Comparing Unreal, Unity, Godot, and Defold game engines in a graphical table of features
Check out the current state of each game engine and compare each other to do better-informed decisions
I've spent the last 2 to 3 months studying the current state of the most known game engines to use for my next game. In this article, I will summarize everything I've learned graphically, with a table of features.
The engines I have considered for my game are:
- Unity: One of the most know engines, it can create a game for almost any platform; and it is well known for its use on a vast amount of Android & iOS games.
- Unreal Engine: Another well-known actor in the game dev scene, Unreal can produce high-quality games for desktop, consoles, and mobile devices.
- Godot: An open-source game engine that is growing exponentially over time. It can produce desktop, web, and mobile games.
- Defold: The game engine created by King and open-sourced in 2020, focused on web & mobile 2D games.
This comparison doesn't pretend to be exhaustive, I'm going only to do a quick overview of each engine; it's a comparison focused on beginners who want to have a quick overview of the presented tools.
I'm going to use the following symbols for each category:
- ✅ The engine has robust support for this feature.
- ❌ The engine does not support this feature.
- 🚧 The engine can potentially support this feature, but it can be in form of beta packages, or some extra effort might be involved.
When reading the table you will encounter annotations under the form of (1). These are extra notes that can be found below the table to have a better understanding of the current state of that particular feature.
|Source available||🚧 (1)||✅||✅||✅|
|Free to use||🚧 (2)||🚧 (2)||✅||✅|
|Learning curve||✅ (3)||🚧 (3)||✅ (3)||✅ (3)|
|3D||✅||✅||🚧 (4)||❌ (5)|
|Linux||🚧 (7)||🚧 (8)||✅||✅|
|Language||C#, C++||Blueprints, C++||GDScript, C#, C++ (9)||Lua, C++|
|Built-in editor||✅||🚧 (10)||✅||✅|
|Nintendo Switch||✅||✅||🚧 (11)||✅|
|Small app size||✅||🚧 (12)||✅||✅|
|Official ads plugin||✅||🚧 (13)||🚧 (14)||✅|
|Official purchases plugin||✅||✅||✅||✅|
- It is possible to obtain Unity's source code, but you will need to establish a commercial relationship with Unity and pay a high price.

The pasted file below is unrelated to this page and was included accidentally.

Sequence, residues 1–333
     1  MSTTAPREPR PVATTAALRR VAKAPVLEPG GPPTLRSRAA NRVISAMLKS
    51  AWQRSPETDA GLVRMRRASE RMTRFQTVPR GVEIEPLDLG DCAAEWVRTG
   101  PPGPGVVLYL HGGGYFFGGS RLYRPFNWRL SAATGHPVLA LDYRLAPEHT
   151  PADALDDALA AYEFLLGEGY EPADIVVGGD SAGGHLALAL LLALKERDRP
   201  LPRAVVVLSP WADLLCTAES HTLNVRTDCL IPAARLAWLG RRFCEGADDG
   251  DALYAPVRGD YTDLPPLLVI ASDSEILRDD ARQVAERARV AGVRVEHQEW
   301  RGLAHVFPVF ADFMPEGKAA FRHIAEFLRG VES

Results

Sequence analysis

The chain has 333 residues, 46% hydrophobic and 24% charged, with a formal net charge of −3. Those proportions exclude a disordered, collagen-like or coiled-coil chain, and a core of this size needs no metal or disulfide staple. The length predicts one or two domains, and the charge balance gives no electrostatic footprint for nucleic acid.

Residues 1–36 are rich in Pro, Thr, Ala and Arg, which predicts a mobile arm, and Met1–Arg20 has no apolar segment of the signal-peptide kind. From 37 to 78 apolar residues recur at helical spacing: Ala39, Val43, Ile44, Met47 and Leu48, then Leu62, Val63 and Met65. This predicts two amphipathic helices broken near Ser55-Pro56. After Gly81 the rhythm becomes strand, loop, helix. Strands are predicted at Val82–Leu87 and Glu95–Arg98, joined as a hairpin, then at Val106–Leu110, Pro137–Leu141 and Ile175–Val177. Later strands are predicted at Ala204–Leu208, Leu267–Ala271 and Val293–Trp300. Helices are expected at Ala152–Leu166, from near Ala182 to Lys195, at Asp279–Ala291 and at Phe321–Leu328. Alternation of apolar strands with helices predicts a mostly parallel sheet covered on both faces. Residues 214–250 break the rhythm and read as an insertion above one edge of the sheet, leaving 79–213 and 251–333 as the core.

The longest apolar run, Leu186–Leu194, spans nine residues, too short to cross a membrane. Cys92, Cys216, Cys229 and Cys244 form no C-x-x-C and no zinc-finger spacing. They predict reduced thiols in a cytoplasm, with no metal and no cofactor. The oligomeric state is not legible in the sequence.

- These engines can be used for free, but you will be forced to start paying when your game reaches a certain revenue threshold.
- Here we're using ✅ for very easy to use, and 🚧 to mark a steeper learning curve.
- Although Godot has 3D capabilities, it is known that doesn't provide advanced features like occlusion culling or auto-LOD. Godot 4 will try to fix those issues.
- Defold is a 3D engine at its core, but here I consider it as a 2D engine since its has very limited 3D support.
- Unreal provides only a very basic 2D capabilities, you will probably need to download additional plugins or create your own 2D system to make it work properly.
- The Unity editor is available in Linux but contains packages that are in preview state.
- The Unreal editor is available in Linux, but Epic doesn't provide pre-built binaries so you must compile it by yourself. Also, there is no possibility to add the content of the asset store as purchased content is downloaded through the Epic Games Launcher, and this launcher is not available in Linux.
- Besides supporting GDScript, C#, and C++; Godot also allows using other languages via bindings made by the community.
- Unreal only provides a built-in editor for creating Blueprint code. You will have to use an external editor for C++ code.
- The open-source Godot project does not contain the code required to export to consoles, so you will need to adapt it by yourself or contact specialized companies to assist you in that process.
- The application size when exporting with Unreal is significantly larger than the rest of the engines, even so there are resources and mechanisms to try to reduce it as much as possible.
- Unreal have an official AdMob plugin for Android, but for iOS you will have to purchase an additional plugin in the asset store.
- Godot doesn't have official plugins for ads, but there are a few plugins created by the community.
Interested in reading more such articles from David Serrano Canales?
Support the author by donating an amount of your choice.